26 August 2015 Volume :3 Issue :39

French Exchange Student Says Adieu as She Returns Home

French Exchange Student Says <em>Adieu</em> as She Returns Home
UKZN exchange student Claire Puntous (right) with colleagues (from left) Anne-Maria, Kim, Katrin, and Veronika, during one of their many adventures in South Africa.

French exchange student Ms Claire Puntous arrived at UKZN in July last year to continue her honours studies in Linguistics.  She happily served on the Student Chapter handling the photography at a variety of Chapter events.

Here, Puntous tells us a bit about herself and her year at UKZN in a Q & A interview shortly before she returned to France:

Q: Where did you grow up and study?

A: I’m from a small city called Le Puy en Velay in France. I studied in a bigger city called Lyon, at the University Jean Moulin - Lyon 3 where I did a Bachelor’s degree in English Literature, History, Translation and Linguistics.

Q: Why did you choose to study in South Africa?

A: I’ve dreamed about studying abroad since I was eight years old when I saw a French film L’Auberge Espagnole in which the main character studies in Spain for a year. My university in Lyon gave me the opportunity to fulfil that dream, so I seized it. I had to study in an English-speaking country due to my studies. I could have gone to the USA, Australia, or the UK and so on, but I was not so interested in going to these countries since France shares so many similarities with them. I wanted to see something radically different. South Africa was the perfect destination to learn about other ways of thinking, other ways of life.

Q: What did you research while at UKZN?

A:  I focused on Linguistics. During the second semester I studied Psycholinguistics where you learn about language and how it works with the brain. I also did Sociolinguistics which relates more to social issues.

We had to conduct a small research project and focus on UKZN and its language policy. Language policy is all the measures applied which determine the languages that have to be used and taught. For example, UKZN is trying to promote bilingualism because the government wants all the universities to promote multilingualism to be representative (and more democratic) of the linguistic diversity of South Africa.

My research was based on the government’s advice to develop not only South African languages but African languages in general. I studied how African languages are essential to encourage African renaissance (or renewal).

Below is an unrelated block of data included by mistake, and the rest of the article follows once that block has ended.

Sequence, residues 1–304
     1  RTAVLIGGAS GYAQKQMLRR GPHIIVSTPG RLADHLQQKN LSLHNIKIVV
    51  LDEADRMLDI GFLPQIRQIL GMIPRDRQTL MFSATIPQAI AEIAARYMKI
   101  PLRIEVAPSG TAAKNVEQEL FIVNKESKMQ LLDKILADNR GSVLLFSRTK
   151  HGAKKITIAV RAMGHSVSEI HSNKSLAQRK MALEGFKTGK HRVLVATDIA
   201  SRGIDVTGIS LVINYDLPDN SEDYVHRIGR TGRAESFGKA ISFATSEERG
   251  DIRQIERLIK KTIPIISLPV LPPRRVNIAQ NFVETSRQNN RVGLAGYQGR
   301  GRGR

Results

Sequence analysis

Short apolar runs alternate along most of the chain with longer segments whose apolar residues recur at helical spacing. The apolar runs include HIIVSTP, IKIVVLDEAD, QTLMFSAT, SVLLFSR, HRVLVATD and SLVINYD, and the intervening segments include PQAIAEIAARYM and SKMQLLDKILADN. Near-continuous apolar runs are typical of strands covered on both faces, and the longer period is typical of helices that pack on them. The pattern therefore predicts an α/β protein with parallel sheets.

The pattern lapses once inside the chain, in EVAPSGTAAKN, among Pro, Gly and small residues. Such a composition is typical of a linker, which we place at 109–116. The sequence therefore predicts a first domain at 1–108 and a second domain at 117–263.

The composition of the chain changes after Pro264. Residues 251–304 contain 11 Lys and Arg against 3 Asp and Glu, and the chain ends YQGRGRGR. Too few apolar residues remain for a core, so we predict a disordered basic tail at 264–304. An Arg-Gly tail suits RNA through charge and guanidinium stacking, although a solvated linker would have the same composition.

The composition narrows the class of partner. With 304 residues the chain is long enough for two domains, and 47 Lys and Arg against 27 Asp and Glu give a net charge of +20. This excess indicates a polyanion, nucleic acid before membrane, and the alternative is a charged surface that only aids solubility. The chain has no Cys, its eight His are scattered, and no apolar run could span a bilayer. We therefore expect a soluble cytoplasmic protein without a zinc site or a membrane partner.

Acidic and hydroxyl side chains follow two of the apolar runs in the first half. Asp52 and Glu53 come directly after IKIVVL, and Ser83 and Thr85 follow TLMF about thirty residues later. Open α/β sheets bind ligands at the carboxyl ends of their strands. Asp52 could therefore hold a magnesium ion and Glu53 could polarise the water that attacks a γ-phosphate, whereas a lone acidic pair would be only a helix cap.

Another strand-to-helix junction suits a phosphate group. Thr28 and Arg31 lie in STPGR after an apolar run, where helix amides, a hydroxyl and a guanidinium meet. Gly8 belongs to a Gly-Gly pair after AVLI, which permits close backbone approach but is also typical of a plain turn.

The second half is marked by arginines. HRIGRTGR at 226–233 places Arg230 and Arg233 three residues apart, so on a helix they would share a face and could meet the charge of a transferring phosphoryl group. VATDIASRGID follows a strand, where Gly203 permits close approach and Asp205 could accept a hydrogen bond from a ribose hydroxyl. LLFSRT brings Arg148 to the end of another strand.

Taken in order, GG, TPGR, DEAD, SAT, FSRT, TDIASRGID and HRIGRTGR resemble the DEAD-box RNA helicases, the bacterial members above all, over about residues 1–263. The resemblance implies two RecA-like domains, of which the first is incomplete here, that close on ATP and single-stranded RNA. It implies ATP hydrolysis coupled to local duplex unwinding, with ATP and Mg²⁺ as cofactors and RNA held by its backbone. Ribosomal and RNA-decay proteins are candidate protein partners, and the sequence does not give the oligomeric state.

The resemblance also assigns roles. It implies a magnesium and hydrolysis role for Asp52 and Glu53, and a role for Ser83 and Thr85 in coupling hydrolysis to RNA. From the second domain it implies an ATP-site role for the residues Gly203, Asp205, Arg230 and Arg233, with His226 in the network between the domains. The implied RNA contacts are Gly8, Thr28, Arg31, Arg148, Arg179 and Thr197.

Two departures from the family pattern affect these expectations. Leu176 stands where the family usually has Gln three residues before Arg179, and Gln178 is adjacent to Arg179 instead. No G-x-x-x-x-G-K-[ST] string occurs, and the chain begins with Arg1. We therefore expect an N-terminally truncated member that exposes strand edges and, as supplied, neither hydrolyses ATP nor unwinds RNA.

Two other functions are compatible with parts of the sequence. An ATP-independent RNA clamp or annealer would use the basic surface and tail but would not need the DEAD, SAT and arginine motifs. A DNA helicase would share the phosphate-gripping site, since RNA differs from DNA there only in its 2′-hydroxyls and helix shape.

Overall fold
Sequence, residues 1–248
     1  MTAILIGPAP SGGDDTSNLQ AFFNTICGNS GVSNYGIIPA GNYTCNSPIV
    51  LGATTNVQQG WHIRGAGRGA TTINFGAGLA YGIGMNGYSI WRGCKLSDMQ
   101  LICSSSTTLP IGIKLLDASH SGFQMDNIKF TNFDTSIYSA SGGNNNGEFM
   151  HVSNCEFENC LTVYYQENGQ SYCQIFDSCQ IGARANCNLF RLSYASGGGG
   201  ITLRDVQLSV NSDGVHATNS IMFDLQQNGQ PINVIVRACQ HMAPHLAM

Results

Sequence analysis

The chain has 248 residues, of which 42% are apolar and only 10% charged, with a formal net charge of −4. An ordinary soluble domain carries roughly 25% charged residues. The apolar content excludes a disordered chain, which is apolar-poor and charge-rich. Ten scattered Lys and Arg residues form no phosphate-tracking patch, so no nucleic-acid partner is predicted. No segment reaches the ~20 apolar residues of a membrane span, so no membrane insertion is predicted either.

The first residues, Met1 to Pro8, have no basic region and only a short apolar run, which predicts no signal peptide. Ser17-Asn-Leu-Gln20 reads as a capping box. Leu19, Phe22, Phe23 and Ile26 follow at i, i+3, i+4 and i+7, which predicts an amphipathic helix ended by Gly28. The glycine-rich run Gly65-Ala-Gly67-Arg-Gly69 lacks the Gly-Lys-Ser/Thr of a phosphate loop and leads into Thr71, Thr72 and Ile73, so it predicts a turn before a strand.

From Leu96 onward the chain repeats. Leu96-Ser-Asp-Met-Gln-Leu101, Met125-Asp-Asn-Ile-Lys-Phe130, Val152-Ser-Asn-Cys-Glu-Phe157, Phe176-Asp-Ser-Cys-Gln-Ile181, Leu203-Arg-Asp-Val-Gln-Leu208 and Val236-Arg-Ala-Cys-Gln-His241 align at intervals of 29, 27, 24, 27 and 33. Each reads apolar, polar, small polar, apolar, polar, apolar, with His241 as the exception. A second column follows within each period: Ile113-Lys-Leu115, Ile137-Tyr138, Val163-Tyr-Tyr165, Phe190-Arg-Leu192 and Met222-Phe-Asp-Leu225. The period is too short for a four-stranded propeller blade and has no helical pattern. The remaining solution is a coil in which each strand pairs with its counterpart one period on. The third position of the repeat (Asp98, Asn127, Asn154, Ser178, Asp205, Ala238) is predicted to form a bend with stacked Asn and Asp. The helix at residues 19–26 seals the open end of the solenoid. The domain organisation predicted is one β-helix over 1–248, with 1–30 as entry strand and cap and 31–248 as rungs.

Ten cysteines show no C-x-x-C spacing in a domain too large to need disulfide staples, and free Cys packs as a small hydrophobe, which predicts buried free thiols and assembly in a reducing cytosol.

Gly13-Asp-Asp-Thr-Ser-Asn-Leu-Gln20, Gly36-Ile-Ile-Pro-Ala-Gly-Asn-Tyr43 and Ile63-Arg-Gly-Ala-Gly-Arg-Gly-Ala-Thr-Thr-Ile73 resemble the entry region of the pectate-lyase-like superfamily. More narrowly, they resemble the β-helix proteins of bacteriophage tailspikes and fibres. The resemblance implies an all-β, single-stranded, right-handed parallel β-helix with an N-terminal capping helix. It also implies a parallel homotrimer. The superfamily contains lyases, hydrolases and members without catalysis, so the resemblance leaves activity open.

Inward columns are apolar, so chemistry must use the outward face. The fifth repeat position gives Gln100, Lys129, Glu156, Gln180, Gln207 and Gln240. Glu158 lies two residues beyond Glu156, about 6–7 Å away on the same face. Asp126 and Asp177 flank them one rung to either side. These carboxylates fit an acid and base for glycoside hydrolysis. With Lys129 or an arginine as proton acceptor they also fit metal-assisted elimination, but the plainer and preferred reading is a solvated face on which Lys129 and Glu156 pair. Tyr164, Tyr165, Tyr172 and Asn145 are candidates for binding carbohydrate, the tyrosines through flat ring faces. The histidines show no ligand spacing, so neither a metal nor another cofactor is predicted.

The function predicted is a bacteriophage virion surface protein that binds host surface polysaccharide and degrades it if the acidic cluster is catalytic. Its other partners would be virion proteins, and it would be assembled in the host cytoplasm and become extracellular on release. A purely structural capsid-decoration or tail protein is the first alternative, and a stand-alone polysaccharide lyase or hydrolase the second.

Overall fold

Q: Why is promoting African indigenous languages important?

A: In my opinion, promoting African languages is the basis for African development in general. If you continue to use the ex-colonial languages like English and French then Africa cannot really develop properly - there will always be hierarchy imposed by the ex-colonial country. All powerful countries use their own language, not a foreign one.

Again, African languages create a sense of unity with the rest of Africa. For example, UKZN is implementing Sesotho gradually to try to be at one with neighbouring Lesotho. And also Swahili because it is the most common indigenous language in Africa.

Starting to learn a language is also learning about another culture, other people’s way of thinking. Language is representative of a person. If you start learning another person’s language you start to understand your neighbour better. So in that sense learning African languages is a way of fighting against xenophobia.  Also, the good thing with South African languages is they are not that hard to learn because most of them are from the same family (the Nguni language) and people are from the same roots so they need to learn languages to remind them that they come from the same place.

Q: What have you learned in South Africa?

A: I have learned that racism is very subtle, it is not necessarily obvious. I am not a racist person, I come from a family where racism has always been fought. But at the same time I realised that sometimes, when you don’t understand some traditions or attitudes because they are different from yours, it is very easy to explain it with a racist theory. Racism is fuelled by ignorance. To my own surprise, I realised that I sometimes used to make these kinds of short-cuts in my head, which is terribly dangerous.

I come from a place where people are very pessimistic, they are not very hopeful for the future, they are very negative. I have learned here that that there is always a plan, you can always find a solution to a problem. People here experience a lot more difficulties, racism, crime, deaths… but I feel like they are also more are optimistic than us, French people. They have more hope in general. So I learned that there is always a way to solve problems and that if I am unhappy I can change that and make myself happy.

Q: What did you enjoy in South Africa?

A: I am very grateful, because I have been able to travel a lot and many people in this country have not seen half of what I have seen. People do not have opportunity to travel a lot here so I feel for them because their country is beautiful. I have been to Cape Town and Johannesburg; I have seen rural areas like the Wild Coast and went to a traditional wedding. I also stayed at the University residence where I met so many great people from various backgrounds. People here are very friendly. It’s been a great experience.

 Ntsejoa Koma

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